Aberdeen hotels had the worst occupancy rates in the UK during 2017, new figures show.
More than one-third of rooms in the Granite City were empty last year, with hotels in Europe’s oil and gas capital only 63.4% filled, according to accountancy and business advisory firm BDO.
Hotels in Inverness did much better – achieving 76.9% occupancy amid a Scottish tourism boom – but the Highland city was outshone by both Edinburgh and Glasgow, where 85.3% and 83.2% of available rooms were filled respectively.
Aberdeen also suffered the biggest drop in rooms yield in the UK last year, BDO’s Hotel Britain report says.
On this widely-used industry measure of revenue, Granite City hotels earned £41.44 per room last year – down from £47.43 in 2016.
By contrast, rooms yield in Inverness was up by nearly 6% last year, at £43.71, while Edinburgh and Glasgow enjoyed increases of 10.2% to £74.16 and 0.9% to £58.58 respectively.
Andrew Martin, vice-chairman of Aberdeen City and Shire Hotels Association, was not
surprised to see the Granite City languishing at the foot of BDO’s performance lists after the recent oil and gas industry woes and a raft of new hotel openings in the area.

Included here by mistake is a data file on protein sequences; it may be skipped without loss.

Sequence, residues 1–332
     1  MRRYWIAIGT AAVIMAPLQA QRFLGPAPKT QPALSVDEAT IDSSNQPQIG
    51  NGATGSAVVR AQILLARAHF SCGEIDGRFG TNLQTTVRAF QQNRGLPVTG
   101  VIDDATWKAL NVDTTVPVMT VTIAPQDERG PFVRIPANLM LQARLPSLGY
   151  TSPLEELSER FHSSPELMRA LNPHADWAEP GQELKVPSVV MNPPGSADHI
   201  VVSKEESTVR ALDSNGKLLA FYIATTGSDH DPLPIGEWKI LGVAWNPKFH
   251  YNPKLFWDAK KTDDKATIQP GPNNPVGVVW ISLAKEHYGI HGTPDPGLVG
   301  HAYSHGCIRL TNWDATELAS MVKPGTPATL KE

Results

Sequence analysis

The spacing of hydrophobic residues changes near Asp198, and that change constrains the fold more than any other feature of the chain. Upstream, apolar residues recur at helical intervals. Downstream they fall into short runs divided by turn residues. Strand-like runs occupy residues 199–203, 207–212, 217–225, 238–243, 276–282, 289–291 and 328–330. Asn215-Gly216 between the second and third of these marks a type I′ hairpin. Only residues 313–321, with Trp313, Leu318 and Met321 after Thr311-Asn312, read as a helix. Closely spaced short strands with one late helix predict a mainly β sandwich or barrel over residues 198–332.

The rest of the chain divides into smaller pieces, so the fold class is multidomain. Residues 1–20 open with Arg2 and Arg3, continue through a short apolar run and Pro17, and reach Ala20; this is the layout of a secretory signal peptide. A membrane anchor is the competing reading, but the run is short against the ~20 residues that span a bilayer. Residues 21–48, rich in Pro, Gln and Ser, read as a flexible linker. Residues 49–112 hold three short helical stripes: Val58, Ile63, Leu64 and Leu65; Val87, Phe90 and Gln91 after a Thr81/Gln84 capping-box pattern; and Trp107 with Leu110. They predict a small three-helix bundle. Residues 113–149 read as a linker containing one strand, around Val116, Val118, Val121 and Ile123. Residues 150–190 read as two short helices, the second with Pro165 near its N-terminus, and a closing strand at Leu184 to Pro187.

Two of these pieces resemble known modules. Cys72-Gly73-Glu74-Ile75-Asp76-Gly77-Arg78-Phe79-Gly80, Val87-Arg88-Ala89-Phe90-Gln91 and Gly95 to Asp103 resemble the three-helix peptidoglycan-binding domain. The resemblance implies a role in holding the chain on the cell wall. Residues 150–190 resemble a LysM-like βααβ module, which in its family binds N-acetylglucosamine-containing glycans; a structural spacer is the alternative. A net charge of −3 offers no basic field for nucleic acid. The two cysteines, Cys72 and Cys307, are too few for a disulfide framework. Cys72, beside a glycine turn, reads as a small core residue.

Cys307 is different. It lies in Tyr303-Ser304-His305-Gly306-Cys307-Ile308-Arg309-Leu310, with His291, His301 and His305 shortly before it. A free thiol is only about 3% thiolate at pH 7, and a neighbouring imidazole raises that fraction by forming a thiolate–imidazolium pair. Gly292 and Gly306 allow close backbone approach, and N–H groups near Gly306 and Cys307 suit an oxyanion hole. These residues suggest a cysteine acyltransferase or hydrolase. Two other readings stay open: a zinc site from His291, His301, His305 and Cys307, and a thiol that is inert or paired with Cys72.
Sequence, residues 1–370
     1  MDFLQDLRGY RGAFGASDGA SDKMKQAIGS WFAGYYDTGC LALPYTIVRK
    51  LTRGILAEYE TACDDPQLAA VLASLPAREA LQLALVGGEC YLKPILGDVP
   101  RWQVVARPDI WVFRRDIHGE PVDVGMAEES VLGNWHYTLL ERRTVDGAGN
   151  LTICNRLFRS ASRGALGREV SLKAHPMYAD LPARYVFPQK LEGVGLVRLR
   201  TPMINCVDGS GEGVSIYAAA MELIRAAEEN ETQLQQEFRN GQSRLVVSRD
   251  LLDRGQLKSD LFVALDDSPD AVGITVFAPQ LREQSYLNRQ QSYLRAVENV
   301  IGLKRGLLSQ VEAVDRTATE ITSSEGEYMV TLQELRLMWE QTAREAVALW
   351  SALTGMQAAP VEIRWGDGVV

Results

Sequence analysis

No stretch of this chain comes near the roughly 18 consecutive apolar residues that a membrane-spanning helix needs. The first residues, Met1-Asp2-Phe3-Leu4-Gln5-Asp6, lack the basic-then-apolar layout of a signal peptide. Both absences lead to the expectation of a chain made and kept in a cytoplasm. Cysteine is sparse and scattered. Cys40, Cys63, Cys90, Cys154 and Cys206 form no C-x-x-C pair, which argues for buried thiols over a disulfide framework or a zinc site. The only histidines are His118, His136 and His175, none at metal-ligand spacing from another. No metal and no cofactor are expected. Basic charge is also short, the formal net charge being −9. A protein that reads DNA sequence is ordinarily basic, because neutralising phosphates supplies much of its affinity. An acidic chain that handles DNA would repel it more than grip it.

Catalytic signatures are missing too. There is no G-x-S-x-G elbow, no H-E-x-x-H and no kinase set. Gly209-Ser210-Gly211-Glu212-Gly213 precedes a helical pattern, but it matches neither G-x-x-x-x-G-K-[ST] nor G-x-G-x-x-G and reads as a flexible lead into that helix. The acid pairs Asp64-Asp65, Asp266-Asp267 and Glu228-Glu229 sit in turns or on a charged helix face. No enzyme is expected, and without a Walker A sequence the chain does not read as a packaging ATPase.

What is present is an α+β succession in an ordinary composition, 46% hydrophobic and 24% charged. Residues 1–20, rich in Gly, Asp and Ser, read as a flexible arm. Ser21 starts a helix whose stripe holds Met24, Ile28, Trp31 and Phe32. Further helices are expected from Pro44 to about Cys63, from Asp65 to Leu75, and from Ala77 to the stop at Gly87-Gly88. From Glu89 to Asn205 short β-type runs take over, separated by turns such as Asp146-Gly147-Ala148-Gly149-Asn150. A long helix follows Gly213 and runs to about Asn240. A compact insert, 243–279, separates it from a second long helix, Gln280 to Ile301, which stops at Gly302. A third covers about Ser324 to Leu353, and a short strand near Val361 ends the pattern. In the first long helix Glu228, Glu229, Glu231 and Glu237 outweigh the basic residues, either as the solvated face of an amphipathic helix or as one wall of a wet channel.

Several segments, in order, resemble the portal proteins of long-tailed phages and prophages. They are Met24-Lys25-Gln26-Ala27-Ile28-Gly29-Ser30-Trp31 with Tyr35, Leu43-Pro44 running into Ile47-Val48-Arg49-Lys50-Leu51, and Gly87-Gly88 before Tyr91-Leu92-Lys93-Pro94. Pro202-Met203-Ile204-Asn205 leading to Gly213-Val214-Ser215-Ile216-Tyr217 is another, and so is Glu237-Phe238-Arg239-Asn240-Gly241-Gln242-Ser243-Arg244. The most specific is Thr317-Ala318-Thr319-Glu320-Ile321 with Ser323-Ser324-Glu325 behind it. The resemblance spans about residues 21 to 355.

He added: “These figures reflect a situation where Monday to Thursday
business tourism in the city has softened significantly since 2015.
“We have also seen a lot of new entrants coming into the market, adding new supply at the same time as room rates are under pressure.”
But Mr Martin also said business seemed to be picking up, with better
occupancy levels producing “green shoots of recovery” since the start of 2018.
Aberdeen is one of six cities in the UK with a negative compound annual growth rate (CAGR) for rooms yield over the past five years, according to BDO.
At -13.8%, the Granite City’s rooms yield CAGR has fallen much further than any of the other five cities in this category.
BDO says hotels in Scotland generally outperformed those in the rest of the UK last year, helped by an influx of overseas visitors and a rise in the number of Britons holidaying closer to home.
Room rates across Scotland averaged £56.20 last year, up by nearly 5% on the 2016 figure, the report says, adding: “The boom in tourism following the depreciation of the pound after the Brexit vote has attracted record-breaking overseas visitor numbers.”